Interiors were shot mostly in Truman's home or office, or in the main control room. For the former scenes, Biziou lit to a higher level than normal. "Even when you're using wide-angle lenses to mimic the idea of surveillance, they always have such a depth of field," he says. "So we'd light the interiors between 8 and 11 to help force the depth that surveillance cameras would have. What I wanted to do in all the interiors was, in addition to giving good depth, give that slightly polished, almost too-well-lit feel. With hidden cameras, they [Christof and his crew] would naturally have made sure that everything was lit so they could always see. It's the sort of lighting a multi-camera TV set would have had."
The scenes inside the control room needed a very different feel from those in Truman's world. Christof's domain has a faded opulence and is necessarily full of monitors, as well as a very large screen at the front of the room representing the action being beamed out to the world. "I had to keep the light levels reasonably low in the control room, so that all the various screens could be photographed," Biziou says. "I generally lit overhead with a very large softlight. We scrimmed a hole in the top of the set, and then below that constructed our own louvers, big black blades about 6' apart. It was like a giant window louver, and whichever way we were filming, I could always open and close the louvers toward us or away from us and take out all the ceiling reflections on the desk surfaces."
Exteriors provided their own sets of challenges. After scouting sites in California and Florida, Weir's wife Wendy Stites, who served as visual consultant on the film, found an ideal spot on the coast of the Florida panhandle called Seaside. An 80-acre (32 hectares) planned community, Seaside comprises more than 300 cottages with a unique building code: each house is required to adhere to a 19th-century Southern style of architecture, and every home features a white picket fence, though no two fences on the same street are alike.
In this well-lit, well-scrubbed location, Biziou faced two obstacles. First, the entire town is situated on a south-facing coast, so on every sunny day there was blazing direct sunlight. In addition, all of the buildings in Seaside (named Seahaven in the film) were either white or very pale pastel colors, thereby creating extremes of bright sunlight and bright reflecting surfaces everywhere.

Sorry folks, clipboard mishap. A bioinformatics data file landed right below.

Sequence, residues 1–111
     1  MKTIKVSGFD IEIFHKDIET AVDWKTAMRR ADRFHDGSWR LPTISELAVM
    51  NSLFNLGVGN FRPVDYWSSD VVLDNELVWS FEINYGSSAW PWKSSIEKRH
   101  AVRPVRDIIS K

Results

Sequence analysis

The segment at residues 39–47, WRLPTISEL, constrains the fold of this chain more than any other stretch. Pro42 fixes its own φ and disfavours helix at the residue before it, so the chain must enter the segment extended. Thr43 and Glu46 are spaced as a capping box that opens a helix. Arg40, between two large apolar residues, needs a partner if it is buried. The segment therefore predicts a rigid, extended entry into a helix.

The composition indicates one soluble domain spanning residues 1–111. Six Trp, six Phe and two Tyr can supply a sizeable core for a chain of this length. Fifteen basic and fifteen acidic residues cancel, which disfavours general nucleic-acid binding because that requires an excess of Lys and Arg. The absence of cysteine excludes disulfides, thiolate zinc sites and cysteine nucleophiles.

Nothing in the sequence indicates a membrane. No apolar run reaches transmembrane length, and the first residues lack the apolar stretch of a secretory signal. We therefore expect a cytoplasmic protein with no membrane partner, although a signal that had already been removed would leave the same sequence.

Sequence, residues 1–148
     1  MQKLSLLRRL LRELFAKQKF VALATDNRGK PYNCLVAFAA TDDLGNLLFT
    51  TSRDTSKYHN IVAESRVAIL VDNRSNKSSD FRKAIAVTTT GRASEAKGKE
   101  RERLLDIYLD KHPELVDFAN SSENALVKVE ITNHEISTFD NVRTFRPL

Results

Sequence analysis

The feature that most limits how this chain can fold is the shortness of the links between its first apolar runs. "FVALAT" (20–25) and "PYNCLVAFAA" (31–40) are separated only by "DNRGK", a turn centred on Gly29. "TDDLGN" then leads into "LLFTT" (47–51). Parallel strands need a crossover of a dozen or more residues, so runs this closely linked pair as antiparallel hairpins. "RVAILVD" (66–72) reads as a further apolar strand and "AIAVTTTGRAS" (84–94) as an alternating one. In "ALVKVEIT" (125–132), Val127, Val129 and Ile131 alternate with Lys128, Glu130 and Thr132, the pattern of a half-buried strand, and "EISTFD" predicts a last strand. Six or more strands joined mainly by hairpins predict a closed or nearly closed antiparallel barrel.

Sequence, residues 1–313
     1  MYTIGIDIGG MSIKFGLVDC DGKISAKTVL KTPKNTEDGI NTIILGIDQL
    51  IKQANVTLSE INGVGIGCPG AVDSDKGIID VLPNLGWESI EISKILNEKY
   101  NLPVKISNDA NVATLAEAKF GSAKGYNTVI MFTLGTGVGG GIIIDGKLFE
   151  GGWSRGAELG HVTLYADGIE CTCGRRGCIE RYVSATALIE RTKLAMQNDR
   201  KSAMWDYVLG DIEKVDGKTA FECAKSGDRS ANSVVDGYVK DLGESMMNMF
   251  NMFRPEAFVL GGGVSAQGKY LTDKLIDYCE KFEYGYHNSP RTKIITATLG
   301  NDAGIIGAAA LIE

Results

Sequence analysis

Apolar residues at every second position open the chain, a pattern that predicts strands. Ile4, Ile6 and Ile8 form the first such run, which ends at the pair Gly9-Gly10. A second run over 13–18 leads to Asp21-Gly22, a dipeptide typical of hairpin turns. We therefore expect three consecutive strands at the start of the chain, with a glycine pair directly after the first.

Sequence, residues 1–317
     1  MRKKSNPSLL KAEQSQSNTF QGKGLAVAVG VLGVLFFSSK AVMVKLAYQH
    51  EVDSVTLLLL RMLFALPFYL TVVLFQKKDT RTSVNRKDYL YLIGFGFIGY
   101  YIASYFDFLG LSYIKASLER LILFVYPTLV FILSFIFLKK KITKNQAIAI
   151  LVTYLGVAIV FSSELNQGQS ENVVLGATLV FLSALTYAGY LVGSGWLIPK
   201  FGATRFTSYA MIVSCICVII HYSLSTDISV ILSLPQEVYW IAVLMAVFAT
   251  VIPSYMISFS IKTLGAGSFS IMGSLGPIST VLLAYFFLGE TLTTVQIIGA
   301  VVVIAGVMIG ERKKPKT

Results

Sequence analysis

"The contrast ratio was quite extreme," Biziou explains. "It would have been too hard to battle it. We wanted the sunlight, and as much as possible, we wanted the intense blue skies, which would help take us toward that slightly super-real look."
The solution: Key grip Chris Centrella and the electrical department built Biziou several 40-sq.-ft. (3.6 sq. m) white scrims, mounted on manlifts that electricians could drive around. "On practically every setup we'd wheel in two, three, or four of these enormous white reflectors, bank them down the street, and put them around the shoot," says Biziou. "What this did was bounce back and give us a volume of fill light into shadow areas everywhere. When there's intense blue sky around, the shadows tend to pick up that blue, which is not always very attractive. But by being in this location, it actually helped us to find the look we were going for by filling back a lot of soft light, which meant we could stop down to quite extraordinary apertures, shooting around 11 for all the exteriors." He also used Kodak EXR 5248 film stock to enhance the contrast even further.
Night exteriors on most films employ trusty Musco Lights to get a large volume of illumination over a large distance. On The Truman Show, Biziou's chief electrician, Kevin Murphy, suggested something called Lumacasters, or Bam Bams. Designed by gaffer Ian Kincaid and former gaffer turned DP Dave DuBois, Lumacasters are made up of 108 PAR-36 globes and are distributed by Hollywood, CA-based Paskal Lighting.